Knee Jerk Devotional: November 16, 2020

Luke 16:19-31


“There was a rich man who was dressed in purple and fine linen and lived in luxury every day. At his gate was laid a beggar named Lazarus, covered with sores and longing to eat what fell from the rich man’s table. Even the dogs came and licked his sores.

“The time came when the beggar died and the angels carried him to Abraham’s side. The rich man also died and was buried. In Hades, where he was in torment, he looked up and saw Abraham far away, with Lazarus by his side. So he called to him, ‘Father Abraham, have pity on me and send Lazarus to dip the tip of his finger in water and cool my tongue, because I am in agony in this fire.’

“But Abraham replied, ‘Son, remember that in your lifetime you received your good things, while Lazarus received bad things, but now he is comforted here and you are in agony. And besides all this, between us and you a great chasm has been set in place, so that those who want to go from here to you cannot, nor can anyone cross over from there to us.’

“He answered, ‘Then I beg you, father, send Lazarus to my family, for I have five brothers. Let him warn them, so that they will not also come to this place of torment.’

“Abraham replied, ‘They have Moses and the Prophets; let them listen to them.’

“‘No, father Abraham,’ he said, ‘but if someone from the dead goes to them, they will repent.’

“He said to him, ‘If they do not listen to Moses and the Prophets, they will not be convinced even if someone rises from the dead.’”

How do you define a meaningful life?

Have you ever thought about it? I mean intentionally, seriously, really thought about it?

I sat in on a webinar with Donald Miller last week and one of the things he talked about doing was writing your own obituary. He said that it needs to be grandiose, embarrassingly so. The point of doing so was to define a meaningful life. What is your grand ambition? What is the story that you want told at your death?

What a question.

How do you define a meaningful life?

Today is the beginning of another round of difficult shut downs in the state of Michigan. It is another reminder that there are many people who contracting COVID-19 and are becoming very sick and dying. For the next few weeks, life is going to feel even more odd than it has for the last eight months. Many of us are going to experience anxiety, frustration, and sadness.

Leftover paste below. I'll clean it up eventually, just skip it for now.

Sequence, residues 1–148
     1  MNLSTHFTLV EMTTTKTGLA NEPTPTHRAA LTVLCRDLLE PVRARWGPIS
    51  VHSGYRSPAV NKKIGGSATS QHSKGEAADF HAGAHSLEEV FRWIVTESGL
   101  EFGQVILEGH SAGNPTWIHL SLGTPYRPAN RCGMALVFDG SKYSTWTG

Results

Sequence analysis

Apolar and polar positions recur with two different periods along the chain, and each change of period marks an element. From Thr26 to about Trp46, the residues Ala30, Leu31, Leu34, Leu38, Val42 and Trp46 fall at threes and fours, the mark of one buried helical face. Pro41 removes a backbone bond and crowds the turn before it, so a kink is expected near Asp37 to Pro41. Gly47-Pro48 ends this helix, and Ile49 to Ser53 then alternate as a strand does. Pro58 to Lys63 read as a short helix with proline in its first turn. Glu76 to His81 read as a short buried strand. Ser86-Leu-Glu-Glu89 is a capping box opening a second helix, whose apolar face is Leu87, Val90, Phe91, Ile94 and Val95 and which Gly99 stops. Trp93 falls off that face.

For me, part of the emotions that I feel are due to the fact that my identity is closely wrapped up in my calling as a pastor. I love being “Pastor Dan.” There is great joy for me in knowing that I’m helping people navigate life. A significant part of that is through helping people connect with one another and God each week. We won’t be meeting in person for the time being and it feels like a hole has opened in my soul.

That’s the thing though, a meaningful life, is not defined by our jobs. The reality of what makes my life meaningful hasn’t changed. I still am able to do the thing that I believe I am called to do. It simply looks different.

As we gathered last night, there were smiles and laughter. There were stories told. There were thoughtful glances and there were communal “aha” moments. It was all beautiful.

How do you define a meaningful life?

The rich man in this story apparently defined it by material success and wealth. The description of him for the first century person would have been an image of opulence beyond compare. Eugene Peterson in The Message put it this way, “There once was a rich man, expensively dressed in the latest fashions, wasting his days in conspicuous consumption.” The way we spend our days is one way to define a meaningful life.

After he dies, the rich man comes to the realization that there was more to life than the material wealth and success that he had focused on. He begs for his five living brothers to hear the truth from Lazarus. The response, “If they won’t listen to the Moses and the Prophets (the Old Testament), they’re not going to be convinced by someone who rises from the dead.”

In other words, you have this life to get it sorted out.

So the question remains…

How do you define a meaningful life?


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